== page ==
In Friday’s Dziennik Gazeta Prawna, Polish columnist Jędrzej Bielecki provides a useful overview of the latest chapter in the European debate about the future of NATO and its relations with Russia. An analysis and recommendations paper written by a top-tier group of experts convened by NATO Secretary General Anders Fogh Rasmussen and chaired by former U.S. secretary of state Madeleine Albright — a paper meant to lay the foundations of a new “strategic concept” to be adopted by the alliance in November — had recommended “pragmatic collaboration” with Russia across a range of shared interests including missile defence. Writes Bielecki:
Rasmussen’s proposal has highlighted the existence of three factions within NATO… First comes the European core countries (Germany, France and their southern European allies), then the Atlanticists (the UK and the Benelux countries among others), and finally there is a faction made up of more recent NATO members in Central Europe. For the first of these factions, associating Russia with European defence policy should now be a priority. The second wants the main emphasis to be on close relations with the United States and the fight against terrorism, while the third is convinced that Russia remains a major threat — which is why they want reassurances that they will be protected in the event of possible conventional or cyber attacks from the East.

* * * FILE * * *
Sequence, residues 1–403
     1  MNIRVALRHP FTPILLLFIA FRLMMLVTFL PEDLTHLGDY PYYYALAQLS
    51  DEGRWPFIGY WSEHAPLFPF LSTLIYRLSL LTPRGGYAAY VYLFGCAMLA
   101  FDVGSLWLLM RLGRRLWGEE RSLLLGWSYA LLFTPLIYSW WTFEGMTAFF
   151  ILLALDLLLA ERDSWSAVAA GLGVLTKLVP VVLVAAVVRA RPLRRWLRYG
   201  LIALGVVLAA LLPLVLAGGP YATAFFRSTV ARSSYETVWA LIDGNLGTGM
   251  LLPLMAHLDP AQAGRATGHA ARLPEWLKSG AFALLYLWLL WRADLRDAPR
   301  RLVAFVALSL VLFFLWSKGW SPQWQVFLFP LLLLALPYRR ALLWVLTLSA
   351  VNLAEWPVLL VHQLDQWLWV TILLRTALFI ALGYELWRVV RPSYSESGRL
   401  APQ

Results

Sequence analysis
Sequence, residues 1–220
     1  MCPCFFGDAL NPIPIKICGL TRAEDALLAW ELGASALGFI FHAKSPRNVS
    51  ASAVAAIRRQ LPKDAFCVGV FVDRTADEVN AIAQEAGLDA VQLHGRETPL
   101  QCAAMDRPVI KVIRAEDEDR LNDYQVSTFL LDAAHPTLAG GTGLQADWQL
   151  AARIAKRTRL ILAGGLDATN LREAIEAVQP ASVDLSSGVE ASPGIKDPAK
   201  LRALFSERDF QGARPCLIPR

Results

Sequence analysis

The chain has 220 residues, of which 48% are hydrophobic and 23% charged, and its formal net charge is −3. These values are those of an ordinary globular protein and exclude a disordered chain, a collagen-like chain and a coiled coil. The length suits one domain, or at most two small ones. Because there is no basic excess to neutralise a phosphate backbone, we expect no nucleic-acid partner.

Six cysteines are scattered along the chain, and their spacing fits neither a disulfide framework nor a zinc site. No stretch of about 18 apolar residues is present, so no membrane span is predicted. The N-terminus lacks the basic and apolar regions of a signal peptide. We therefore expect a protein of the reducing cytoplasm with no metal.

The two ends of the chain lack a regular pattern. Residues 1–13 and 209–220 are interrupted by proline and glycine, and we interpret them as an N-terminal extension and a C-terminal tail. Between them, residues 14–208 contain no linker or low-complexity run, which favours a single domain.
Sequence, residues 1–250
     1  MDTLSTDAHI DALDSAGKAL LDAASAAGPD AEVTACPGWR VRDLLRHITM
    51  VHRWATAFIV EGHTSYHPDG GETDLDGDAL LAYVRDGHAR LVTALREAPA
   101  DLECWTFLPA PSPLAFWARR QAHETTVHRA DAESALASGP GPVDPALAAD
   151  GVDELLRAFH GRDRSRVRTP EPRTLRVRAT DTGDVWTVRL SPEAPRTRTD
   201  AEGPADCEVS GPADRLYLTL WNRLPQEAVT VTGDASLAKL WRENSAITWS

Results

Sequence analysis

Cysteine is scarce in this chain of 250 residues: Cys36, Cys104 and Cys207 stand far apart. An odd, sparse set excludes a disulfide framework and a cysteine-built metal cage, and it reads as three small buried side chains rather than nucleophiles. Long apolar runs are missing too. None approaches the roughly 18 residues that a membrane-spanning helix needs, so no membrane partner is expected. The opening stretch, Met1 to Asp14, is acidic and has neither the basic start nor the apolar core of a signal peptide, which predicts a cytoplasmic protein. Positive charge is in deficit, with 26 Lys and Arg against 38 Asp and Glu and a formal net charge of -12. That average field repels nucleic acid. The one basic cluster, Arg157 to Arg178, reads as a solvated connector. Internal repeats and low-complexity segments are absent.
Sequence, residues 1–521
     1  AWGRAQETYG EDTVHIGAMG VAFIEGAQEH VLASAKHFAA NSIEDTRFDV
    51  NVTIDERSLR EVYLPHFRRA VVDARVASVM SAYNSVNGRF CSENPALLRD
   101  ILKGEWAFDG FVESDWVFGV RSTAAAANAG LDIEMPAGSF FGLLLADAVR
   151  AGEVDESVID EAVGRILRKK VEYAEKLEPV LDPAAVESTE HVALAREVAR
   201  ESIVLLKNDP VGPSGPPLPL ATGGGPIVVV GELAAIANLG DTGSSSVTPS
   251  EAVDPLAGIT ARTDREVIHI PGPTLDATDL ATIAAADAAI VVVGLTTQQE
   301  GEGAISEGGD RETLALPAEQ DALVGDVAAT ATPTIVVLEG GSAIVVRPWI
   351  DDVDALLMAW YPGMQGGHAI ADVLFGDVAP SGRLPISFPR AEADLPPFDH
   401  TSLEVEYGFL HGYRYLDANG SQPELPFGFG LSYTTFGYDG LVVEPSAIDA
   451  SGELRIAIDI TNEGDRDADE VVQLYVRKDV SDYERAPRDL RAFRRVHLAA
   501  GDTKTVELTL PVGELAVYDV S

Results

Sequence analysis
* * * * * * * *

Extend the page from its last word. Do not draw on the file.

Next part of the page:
Eminently reasonable-sounding, “pragmatic collaboration” is thus a contentious idea. But as a recent paper co-written by Tomas Valasek, director of foreign policy and defence at the Centre for European Reform and one of the civilian advisors to the NATO Group of Experts, points out, “reassurance” of Central Europe and engagement with Russia have never been mutually exclusive concepts:
A similar situation occurred in the 1960s, when the allies disagreed over whether defence or détente should be the priority. In the end NATO combined what appeared to be contradictory elements into a grand ‘dual-track’ strategy that served the alliance well and helped set the stage for the fall of the Iron Curtain two decades later. Today, NATO is divided over whether reassurance or [a repaired relationship with Russia] should take priority. Again, it is a false dilemma: it should have a dual track strategy that accomplishes both.